Negative outlook for agri employment, despite good harvests

The positive performance of the agriculture industry in South Africa, as indicated by current economic data, should persist throughout 2020.

Negative outlook for agri employment, despite good harvests
Social-distancing regulations to prevent the spread of COVID-19 could prevent farmers from increasing employment, especially of seasonal labourers, despite the bumper crops expected.
Photo: FW Archive
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The positive performance of the agriculture industry in South Africa, as indicated by current economic data, should persist throughout 2020.

However, employment trends may not follow their typical trajectory in response to this “booming production”, amid the COVID-19 pandemic.

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The seasonal labour component of the agricultural labour force could be the hardest hit during the year, according to Wandile Sihlobo, chief economist at Agbiz.

He said South Africa’s most recent agricultural economic data reaffirmed Agbiz’s view that this would be a recovery year for the sector, following two consecutive years of decline.

Data released recently showed that the gross value added (GVA) figures for agriculture expanded 27,8% quarter-on-quarter, on a seasonally-adjusted and annualised basis, for the first quarter of the year.

“From a field crops perspective, South Africa currently expects its second-largest grain harvest on record, for the 2019/2020 production season.

The latest projections for the 2019/2020 maize, sunflower seed, and soya bean harvests point to increases of 38% year-on year [y/y], 13% y/y and 8% y/y, which are equivalent to output levels of 15,5 million tons, 765 960t, and 1,3 million tons, respectively,” he said.

“There is also a broad recovery in the production of deciduous fruit, with the 2020 apple and pear production up 5% y/y and 1% y/y, respectively.”

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Nevertheless, Sihlobo said employment data for the second quarter of the year might not reflect the recovery experienced in these crop industries.

The social-distancing regulations introduced at the end of March to prevent the spread of the pandemic could mean that farmers and agribusinesses may not increase employment, especially of seasonal labourers.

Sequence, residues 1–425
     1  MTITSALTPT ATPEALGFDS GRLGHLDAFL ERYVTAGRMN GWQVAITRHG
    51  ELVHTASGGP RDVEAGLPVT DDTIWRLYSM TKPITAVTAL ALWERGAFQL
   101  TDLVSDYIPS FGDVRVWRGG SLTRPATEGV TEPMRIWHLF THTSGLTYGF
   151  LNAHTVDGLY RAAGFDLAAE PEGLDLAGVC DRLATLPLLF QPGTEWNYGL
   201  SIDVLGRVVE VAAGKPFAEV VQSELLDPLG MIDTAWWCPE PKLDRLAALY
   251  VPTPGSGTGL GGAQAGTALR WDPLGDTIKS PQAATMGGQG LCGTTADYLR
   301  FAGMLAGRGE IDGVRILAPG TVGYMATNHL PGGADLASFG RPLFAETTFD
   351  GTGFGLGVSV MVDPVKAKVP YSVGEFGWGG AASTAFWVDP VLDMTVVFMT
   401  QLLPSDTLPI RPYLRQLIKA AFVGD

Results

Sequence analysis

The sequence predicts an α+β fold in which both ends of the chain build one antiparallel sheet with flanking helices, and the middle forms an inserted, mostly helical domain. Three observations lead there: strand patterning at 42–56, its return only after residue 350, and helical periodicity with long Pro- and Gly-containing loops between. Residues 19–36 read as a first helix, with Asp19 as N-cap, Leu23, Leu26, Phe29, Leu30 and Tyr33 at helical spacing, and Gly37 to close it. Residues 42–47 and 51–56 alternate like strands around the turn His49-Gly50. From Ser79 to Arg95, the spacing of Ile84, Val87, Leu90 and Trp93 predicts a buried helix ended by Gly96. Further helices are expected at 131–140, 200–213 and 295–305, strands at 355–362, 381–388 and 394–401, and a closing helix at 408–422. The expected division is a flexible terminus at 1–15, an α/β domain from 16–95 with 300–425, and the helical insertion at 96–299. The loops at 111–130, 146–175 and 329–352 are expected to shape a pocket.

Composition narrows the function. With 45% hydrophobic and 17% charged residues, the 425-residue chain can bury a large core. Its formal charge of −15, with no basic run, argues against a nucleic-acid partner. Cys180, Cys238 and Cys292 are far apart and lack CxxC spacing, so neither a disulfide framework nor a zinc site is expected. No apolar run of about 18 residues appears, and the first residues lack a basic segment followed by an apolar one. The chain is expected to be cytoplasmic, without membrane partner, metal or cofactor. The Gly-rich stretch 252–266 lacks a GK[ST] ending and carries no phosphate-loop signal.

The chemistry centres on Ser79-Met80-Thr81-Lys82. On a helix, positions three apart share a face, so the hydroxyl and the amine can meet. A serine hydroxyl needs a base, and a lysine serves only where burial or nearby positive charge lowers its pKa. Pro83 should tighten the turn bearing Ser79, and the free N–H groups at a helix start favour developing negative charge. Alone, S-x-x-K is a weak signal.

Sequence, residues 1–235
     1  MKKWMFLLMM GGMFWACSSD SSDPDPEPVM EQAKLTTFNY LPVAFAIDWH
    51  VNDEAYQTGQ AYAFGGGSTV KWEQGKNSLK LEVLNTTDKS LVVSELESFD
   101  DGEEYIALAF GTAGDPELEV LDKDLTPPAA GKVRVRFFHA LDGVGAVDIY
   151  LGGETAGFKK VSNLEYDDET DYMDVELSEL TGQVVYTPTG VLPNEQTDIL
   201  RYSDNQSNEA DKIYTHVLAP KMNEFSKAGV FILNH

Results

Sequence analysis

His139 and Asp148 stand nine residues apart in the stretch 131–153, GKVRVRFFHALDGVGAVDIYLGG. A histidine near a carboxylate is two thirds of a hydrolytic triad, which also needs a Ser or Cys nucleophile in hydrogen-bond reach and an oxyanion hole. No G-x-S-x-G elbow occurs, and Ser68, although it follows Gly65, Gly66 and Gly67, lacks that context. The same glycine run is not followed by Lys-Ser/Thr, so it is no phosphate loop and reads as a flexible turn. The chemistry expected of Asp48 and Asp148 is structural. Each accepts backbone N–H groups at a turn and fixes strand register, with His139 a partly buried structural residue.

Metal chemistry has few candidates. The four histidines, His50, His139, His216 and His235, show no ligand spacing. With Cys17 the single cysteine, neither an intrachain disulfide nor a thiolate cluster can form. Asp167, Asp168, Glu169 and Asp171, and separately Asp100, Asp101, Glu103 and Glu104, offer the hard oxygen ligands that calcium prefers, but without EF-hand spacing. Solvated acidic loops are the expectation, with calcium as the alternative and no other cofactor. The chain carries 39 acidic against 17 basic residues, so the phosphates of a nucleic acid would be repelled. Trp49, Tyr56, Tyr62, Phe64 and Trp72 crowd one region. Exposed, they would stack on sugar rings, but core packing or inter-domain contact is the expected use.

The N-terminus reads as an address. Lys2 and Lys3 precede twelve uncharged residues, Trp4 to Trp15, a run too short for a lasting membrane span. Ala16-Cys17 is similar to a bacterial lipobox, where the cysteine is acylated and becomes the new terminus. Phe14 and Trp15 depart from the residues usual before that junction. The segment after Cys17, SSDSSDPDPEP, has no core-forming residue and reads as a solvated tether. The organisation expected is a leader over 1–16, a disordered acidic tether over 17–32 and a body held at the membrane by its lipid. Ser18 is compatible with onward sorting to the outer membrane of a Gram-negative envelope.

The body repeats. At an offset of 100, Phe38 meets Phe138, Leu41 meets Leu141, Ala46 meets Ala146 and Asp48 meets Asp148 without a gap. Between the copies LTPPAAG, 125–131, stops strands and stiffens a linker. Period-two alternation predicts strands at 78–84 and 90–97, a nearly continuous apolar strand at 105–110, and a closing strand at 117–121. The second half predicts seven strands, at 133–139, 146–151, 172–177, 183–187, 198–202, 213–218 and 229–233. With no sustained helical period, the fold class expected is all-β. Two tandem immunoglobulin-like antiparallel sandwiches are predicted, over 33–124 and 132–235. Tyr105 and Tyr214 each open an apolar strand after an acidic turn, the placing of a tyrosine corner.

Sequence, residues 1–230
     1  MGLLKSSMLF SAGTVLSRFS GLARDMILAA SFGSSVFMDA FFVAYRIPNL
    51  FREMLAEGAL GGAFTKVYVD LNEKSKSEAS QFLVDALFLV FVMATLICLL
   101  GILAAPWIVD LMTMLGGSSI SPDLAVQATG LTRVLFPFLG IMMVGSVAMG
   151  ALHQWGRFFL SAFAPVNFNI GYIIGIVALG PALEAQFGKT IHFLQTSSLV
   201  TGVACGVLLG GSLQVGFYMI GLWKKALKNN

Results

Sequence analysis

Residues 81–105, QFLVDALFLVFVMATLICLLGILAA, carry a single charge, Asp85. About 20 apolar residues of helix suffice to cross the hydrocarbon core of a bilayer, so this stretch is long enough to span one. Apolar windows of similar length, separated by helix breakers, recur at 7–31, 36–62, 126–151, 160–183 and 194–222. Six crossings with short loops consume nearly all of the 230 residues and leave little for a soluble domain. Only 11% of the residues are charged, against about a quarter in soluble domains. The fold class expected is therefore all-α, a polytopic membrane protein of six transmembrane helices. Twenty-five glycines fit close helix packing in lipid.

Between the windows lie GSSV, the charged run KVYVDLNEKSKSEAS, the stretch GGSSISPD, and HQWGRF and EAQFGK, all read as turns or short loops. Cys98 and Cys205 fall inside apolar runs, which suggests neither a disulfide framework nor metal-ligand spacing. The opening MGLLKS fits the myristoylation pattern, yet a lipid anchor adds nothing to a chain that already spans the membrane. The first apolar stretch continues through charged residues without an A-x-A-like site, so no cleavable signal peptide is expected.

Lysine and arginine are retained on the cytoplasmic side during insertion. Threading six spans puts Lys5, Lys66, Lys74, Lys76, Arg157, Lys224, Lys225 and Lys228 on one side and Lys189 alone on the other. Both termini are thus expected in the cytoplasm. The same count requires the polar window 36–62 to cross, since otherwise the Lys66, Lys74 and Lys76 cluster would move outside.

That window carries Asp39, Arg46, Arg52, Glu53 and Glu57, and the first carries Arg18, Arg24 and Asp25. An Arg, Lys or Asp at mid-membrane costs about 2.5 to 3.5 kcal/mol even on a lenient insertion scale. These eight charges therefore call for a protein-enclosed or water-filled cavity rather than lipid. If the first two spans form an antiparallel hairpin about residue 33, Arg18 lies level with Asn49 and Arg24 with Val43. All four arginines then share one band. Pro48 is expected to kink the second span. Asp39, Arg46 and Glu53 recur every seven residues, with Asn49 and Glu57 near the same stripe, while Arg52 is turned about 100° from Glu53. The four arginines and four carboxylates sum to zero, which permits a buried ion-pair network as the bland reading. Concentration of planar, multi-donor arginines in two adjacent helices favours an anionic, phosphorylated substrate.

Farmers could resort to increasing the working hours of trained staff members to minimise exposure and compensate for a reduced workforce.

Jahni de Villiers, Agri SA’s policy head for labour and development, said the impact of the lockdown on employment would be reflected in the second quarter employment statistics from Statistics South Africa.

“We expect job losses, but we hope that the assistance given to employers through the [Unemployment Insurance Fund or Temporary Employer/Employee Relief Scheme] would have helped to somewhat lessen the blow.

In terms of regulations to prevent the spread of COVID-19, she said: “There isn’t a set number of people [who] can work per hectare. The regulations [state that] people need to be spaced 1,5m apart, or have a physical barrier between them if they are not able to be spaced 1,5m apart. Furthermore, we know that employers are innovating by dividing workers into smaller teams to ensure that if a COVID-19 case [is reported], the risk can be mitigated in the workplace.”

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Siyanda Sishuba has a degree in broadcast journalism. She graduated in 2010 at the Nelson Mandela Metropolitan University in Nelson Mandela Bay, Eastern Cape. She is passionate about the environment and agriculture. Siyanda grew up in Whittlesea and has seen how climate change and invasive species are affecting farmers in her community. She’s worked at the Weekend Post, a local newspaper in Nelson Mandela Bay, Eastern Cape. Thereafter she landed herself a job at Debt Management Consultants in East London, writing articles for company’s newsletter. She then moved to Johannesburg to work for the Department of Environmental Affairs Biosecurity Advocacy Unit